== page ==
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In English, the number 0 is treated as plural. It is then:

  • 0 seconds
  • 1 second
  • 1.2 seconds
  • 2 seconds

Shouldn't it be "nobody want to go there," instead of "nobody wants to go there"?

I also saw in TOEFL that "any __" should be used with a singular. But I see it very common that it is a plural also. Why is that? (updated: example, "we don't have any apples any more" vs "If you get any apple, please let me know.")

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I'm not sure exactly what the connection between the "0 seconds" and the "nobody want to go there" is. One deals with adjectives and noun agreement and the other deals with subject verb agreement. – gbutters Apr 18 '11 at 3:01
I'm lost on the last part about the TOEFL and "any___". Could you clarify it with an example? – gbutters Apr 18 '11 at 3:02
Related. – Kosmonaut Apr 18 '11 at 3:13
@gbutters pls see the comment under Kosmonaut's answer – 太極者無極而生 Apr 26 '11 at 20:40
up vote 7 down vote accepted
  • Zero cars have driven by.
  • Not one car has driven by.

Both of these sentences are fundamentally describing the same thing semantically and yet they demand different number agreement. Both of these are possible because grammatical number agreement is only partially informed by semantics.

Just because some descriptions of a lack of something have plural number agreement, that doesn't mean that all descriptions of a lack of something must have plural number agreement.

So, it is true that zero takes plural number agreement, and nobody takes singular number agreement. However, there is no reason that these have to work in the same way.

I have no idea what your second question (regarding TOEFL) could mean. Any can refer to singulars or plurals — it completely depends on what is in that blank space.

  • Is there any water left? (Singular verb agreement for grammatically singular water)
  • Are there any cookies left? (Plural verb agreement for grammatically plural cookies)
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the "any ___" question is: "Does any person know what the answer is?" instead of "Do any people know what the answer is?" -- so in this case, the noun has to be singular, no? – 太極者無極而生 Apr 26 '11 at 20:39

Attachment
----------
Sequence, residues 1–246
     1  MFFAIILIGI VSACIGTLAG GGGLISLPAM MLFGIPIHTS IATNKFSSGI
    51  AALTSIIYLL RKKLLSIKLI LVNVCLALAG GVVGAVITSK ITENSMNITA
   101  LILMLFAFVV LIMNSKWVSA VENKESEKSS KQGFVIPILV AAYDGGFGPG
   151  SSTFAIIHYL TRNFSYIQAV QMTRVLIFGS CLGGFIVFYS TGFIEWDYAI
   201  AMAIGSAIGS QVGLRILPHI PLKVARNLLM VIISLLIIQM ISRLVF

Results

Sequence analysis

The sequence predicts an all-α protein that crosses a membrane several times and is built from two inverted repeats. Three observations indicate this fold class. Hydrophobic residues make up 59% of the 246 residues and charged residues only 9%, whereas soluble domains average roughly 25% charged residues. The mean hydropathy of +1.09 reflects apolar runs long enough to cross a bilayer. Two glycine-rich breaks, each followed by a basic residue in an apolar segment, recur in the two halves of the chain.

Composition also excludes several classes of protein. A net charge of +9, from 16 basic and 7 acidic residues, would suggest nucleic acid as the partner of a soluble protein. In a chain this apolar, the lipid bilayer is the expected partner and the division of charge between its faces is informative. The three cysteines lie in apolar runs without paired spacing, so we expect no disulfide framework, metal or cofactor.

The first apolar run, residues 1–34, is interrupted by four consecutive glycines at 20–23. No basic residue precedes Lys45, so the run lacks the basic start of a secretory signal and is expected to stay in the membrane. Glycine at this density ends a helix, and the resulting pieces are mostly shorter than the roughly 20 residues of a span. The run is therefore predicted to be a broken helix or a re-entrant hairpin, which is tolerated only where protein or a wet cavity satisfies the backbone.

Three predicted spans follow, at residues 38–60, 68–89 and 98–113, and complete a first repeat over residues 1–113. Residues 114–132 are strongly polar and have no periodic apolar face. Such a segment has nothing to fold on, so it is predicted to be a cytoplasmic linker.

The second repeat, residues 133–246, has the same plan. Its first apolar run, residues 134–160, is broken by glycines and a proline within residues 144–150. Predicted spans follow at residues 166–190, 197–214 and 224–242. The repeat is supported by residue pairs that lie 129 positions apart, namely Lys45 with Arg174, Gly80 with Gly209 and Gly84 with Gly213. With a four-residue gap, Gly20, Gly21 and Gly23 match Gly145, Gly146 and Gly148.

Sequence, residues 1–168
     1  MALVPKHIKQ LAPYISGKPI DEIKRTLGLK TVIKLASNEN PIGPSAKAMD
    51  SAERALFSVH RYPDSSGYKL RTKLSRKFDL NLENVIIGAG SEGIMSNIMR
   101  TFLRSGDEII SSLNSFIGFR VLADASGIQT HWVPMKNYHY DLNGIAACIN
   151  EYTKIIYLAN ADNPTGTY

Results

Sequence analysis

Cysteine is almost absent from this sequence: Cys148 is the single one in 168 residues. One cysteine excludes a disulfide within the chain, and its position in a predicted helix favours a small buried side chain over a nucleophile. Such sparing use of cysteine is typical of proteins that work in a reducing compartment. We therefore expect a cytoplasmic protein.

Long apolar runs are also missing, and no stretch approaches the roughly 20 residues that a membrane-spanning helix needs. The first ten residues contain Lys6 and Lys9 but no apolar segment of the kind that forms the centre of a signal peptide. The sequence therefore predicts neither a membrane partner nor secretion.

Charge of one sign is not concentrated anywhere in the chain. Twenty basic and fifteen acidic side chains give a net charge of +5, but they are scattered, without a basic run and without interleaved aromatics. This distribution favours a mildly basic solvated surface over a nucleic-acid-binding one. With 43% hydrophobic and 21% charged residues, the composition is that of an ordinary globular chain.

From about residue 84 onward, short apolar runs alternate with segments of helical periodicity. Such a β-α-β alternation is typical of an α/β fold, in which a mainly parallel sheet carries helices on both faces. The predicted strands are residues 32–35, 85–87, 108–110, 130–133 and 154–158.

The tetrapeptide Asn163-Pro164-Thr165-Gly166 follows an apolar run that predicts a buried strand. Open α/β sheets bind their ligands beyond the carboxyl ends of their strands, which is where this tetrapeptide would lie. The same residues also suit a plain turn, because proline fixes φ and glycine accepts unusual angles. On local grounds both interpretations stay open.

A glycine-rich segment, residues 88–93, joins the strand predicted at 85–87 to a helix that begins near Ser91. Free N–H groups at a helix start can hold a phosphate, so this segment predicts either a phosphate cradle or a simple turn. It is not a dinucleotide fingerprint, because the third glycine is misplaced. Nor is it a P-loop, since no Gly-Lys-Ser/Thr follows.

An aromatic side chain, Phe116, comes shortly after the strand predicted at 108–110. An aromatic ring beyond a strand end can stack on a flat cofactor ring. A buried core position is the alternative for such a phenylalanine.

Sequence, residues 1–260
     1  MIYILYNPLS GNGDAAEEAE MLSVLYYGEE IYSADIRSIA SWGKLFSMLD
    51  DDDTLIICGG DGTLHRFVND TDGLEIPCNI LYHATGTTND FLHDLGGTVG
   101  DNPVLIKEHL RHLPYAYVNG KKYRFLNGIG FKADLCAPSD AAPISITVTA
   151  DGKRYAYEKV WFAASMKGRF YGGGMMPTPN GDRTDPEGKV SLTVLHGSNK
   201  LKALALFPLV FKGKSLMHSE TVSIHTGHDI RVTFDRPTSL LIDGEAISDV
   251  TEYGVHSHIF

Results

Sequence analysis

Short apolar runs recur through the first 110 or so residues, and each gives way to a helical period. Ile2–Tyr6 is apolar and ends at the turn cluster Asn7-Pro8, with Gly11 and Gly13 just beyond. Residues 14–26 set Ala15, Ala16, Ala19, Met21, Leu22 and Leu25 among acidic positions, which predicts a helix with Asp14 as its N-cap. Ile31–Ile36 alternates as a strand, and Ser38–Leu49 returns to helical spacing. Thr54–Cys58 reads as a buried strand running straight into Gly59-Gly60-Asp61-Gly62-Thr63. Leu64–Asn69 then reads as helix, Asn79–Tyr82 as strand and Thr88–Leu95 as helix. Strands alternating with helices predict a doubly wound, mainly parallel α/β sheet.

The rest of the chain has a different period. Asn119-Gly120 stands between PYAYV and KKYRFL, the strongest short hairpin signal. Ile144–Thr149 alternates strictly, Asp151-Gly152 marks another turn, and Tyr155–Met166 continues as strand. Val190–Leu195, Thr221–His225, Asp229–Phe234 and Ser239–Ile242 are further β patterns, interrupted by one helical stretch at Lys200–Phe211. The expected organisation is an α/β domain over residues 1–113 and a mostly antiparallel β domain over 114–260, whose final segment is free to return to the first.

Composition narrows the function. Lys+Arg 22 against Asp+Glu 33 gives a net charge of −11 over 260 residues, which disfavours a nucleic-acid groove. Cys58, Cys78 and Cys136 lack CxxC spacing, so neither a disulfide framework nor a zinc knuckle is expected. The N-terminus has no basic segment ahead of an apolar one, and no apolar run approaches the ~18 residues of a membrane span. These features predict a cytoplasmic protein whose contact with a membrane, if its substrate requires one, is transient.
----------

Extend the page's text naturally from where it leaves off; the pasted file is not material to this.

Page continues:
Nobody—like everybody, anyone, and anything—is a singular indefinite pronoun. Thus, the correct sentence is "Nobody wants to go to there."

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If you added an example, like the one mentioned in Kosmonaut's answer, it would improve this answer. I'm saying this because I don't know the technical term you mentioned, although I do think it's useful that you provided it. – martin jakubik Apr 18 '11 at 12:32
@martin jakubik Mark Trapp has reported which is the correct sentence to use. The singular indefinite pronouns are, by definition, singulars; that means you cannot use a plural verb with a singular indefinite pronoun. – kiamlaluno Apr 18 '11 at 12:56

Nobody is singular, and that is not related with the fact any number different from 1 (one) is considered plural.

Nobody was at home.
Nobody could predict how it might end.

Any can be used as both singular, and plural.

I don't have any choice.
Do you have any tips to pass on?
If there is any left, throw it away.

[The examples are taken from the New Oxford American Dictionary.]

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I don't think "any choice" and "any left" are good examples of singular usage. You can only say "Is there any left" for uncountable nouns, right? (Any sugar, any butter). As for "choice," which does have a plural form, I'm still not convinced... doesn't "choice" have both countable and uncountable forms, and aren't you using the uncountable here?... I'm just thinking out loud, but it seems to me that any should be usually used with the plural. – martin jakubik Apr 18 '11 at 12:29
@martin jakubik The sentence starts with "if there is any left," and the pronoun after throw is it. This should suggest to the OP that when using any the verb to use could be singular (as in the last sentence), or plural (as in the second sentence). – kiamlaluno Apr 18 '11 at 12:53

My answer is "nobody wants to go there", because nobody, in this case, has a singular notation.

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protected by tchrist Jul 11 '14 at 3:35

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